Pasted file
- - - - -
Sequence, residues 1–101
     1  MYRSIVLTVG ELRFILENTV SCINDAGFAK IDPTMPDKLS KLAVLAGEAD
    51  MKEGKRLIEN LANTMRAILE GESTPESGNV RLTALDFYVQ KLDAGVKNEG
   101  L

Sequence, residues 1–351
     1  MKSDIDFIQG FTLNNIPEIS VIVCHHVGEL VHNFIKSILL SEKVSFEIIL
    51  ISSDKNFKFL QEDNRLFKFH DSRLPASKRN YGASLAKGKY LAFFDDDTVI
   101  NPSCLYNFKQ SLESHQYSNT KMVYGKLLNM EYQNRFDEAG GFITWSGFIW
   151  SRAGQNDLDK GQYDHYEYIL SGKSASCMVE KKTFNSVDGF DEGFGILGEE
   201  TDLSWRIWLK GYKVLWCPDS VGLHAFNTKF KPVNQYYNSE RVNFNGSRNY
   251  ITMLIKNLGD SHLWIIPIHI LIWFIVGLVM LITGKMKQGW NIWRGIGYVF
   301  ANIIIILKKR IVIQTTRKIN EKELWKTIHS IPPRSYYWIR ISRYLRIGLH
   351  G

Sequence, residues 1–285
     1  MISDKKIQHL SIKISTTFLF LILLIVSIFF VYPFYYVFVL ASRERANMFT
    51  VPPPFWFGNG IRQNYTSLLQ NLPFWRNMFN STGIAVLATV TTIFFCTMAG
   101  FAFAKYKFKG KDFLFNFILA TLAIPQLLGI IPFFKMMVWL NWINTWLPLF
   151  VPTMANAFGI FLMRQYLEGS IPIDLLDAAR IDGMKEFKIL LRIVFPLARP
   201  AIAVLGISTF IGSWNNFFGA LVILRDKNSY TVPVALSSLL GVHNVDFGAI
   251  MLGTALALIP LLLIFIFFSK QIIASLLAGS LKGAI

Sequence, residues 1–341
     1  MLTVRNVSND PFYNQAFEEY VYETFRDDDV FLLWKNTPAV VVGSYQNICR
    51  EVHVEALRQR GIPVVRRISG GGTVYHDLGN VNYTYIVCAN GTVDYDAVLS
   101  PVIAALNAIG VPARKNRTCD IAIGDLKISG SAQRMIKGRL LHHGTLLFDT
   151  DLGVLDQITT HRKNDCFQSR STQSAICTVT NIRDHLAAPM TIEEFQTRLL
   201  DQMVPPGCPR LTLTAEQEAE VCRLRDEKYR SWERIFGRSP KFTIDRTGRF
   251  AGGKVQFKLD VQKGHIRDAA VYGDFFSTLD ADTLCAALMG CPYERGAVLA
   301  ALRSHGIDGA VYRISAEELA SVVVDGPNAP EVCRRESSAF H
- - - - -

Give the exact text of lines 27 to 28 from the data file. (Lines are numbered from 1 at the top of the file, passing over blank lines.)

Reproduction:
   251  AGGKVQFKLD VQKGHIRDAA VYGDFFSTLD ADTLCAALMG CPYERGAVLA
   301  ALRSHGIDGA VYRISAEELA SVVVDGPNAP EVCRRESSAF H